Insights & Tips

Already a subscriber? Login

Become a subscriber and unlock an information arsenal focused on making your pricing efforts more effective.

5 Signs Product Management Is Hurting Your Prices

As we’ve pointed out many times before, the quality and accuracy of the decisions being made upstream…in product management…can set limits or boundaries on pricing performance in the marketplace. In fact, a large proportion of an offering’s ultimate pricing power and potential can be “baked in” by product management long before a prospect even has a chance to see it.

Because these early decisions can act as a governor on pricing performance, it makes your job that much harder when product management is falling down, missing critical steps, and/or making ill-informed decisions.

But how do you know? How can you tell whether product management is helping or hindering in-market pricing performance? How can you tell whether product management is making your efforts more difficult than they really need to be?

In the on-demand webinar, Working with Product Management to Improve Pricing, we highlight a number of tell-tale signs, including:

  1. Product line performance is rarely as predicted. When targets and projections are constantly being missed, it can often be a symptom of poor planning processes and an overall lack of market understanding and customer insight.
  2. Sales training is largely about features and functions. What product management teaches the sales team can be extremely telling. If there’s nothing about the needs of different segments, crucial value drivers, key differentiators to relevant alternatives, etc., that’s a big red flag because it likely means they haven’t done the necessary homework.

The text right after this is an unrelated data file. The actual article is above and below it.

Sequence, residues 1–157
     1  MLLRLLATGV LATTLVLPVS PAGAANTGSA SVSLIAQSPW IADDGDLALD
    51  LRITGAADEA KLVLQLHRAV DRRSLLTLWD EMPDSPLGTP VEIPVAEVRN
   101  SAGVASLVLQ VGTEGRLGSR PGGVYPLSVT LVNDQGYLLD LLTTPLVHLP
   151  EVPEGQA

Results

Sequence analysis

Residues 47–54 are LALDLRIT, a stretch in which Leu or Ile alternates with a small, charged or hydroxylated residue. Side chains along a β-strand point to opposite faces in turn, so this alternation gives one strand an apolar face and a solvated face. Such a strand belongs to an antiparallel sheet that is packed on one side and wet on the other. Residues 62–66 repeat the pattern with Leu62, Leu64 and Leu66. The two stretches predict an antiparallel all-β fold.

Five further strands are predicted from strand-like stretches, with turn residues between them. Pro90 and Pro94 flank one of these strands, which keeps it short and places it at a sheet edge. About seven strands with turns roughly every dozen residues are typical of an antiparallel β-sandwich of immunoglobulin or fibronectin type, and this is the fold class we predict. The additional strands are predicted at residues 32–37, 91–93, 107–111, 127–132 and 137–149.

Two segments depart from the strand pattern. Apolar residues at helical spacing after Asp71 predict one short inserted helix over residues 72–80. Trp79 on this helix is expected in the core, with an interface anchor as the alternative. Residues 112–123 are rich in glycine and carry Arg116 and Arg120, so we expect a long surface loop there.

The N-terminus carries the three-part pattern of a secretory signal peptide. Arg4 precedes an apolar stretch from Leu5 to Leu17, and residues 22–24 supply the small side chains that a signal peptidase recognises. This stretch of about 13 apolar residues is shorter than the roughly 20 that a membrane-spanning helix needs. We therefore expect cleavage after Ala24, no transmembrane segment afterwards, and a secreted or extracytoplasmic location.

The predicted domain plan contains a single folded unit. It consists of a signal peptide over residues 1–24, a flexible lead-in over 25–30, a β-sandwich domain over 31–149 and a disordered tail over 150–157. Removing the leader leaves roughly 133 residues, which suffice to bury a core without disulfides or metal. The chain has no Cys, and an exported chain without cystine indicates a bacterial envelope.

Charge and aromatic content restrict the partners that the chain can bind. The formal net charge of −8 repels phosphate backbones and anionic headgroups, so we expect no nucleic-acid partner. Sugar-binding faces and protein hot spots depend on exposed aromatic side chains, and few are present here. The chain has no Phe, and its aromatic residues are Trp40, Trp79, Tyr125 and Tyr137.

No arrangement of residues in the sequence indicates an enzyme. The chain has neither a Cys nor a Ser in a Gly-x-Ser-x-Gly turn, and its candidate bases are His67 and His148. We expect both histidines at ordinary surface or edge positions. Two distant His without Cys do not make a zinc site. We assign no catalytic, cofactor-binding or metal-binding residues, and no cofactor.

3. Product managers cite “textbook” pricing strategies. When product managers claim to be employing outdated strategies like penetration pricing or competitive price matching, that’s a pretty clear sign they aren’t up to speed on more effective value-based methods.
  4. Products are introduced with little pricing structure. When products are introduced with flat, one-size-fits-all pricing and no segmentation, no targeting, no volume schedules, etc., this is another indication that the requisite legwork just hasn’t been done.
  5. Product managers are as quick to discount as reps. Product managers who’ve done their homework will have a lot of confidence in the value propositions being put forward…and they won’t be eager to cave-in to pricing pressure. Conversely, product managers who haven’t done the homework will often rationalize making “adjustments in the field.”

If you’re seeing some (or all) of these tell-tale signs in your business, first understand that you’re not alone. Unfortunately, there are a number of dynamics inside a typical product management function that virtually guarantee that most pricing groups will find themselves in this situation to some degree.

Now, you shouldn’t get upset or angry about these deficiencies. Not publicly, anyway. Nor should you start pointing fingers or making accusations. That sort of thing might feel good in the moment, but it just makes people defensive and even more resistant to change. (And, it’s not a good look for you, internally.)

Instead, you should recognize the opportunity for improvement and get after it. As we discuss in the webinar, these deficiencies are not insurmountable. It’s not a quick fix, of course, but there are straightforward steps you can take to drive improvements and generate big performance gains.

Get Immediate Access To Everything In The PricingBrew Journal

Related Resources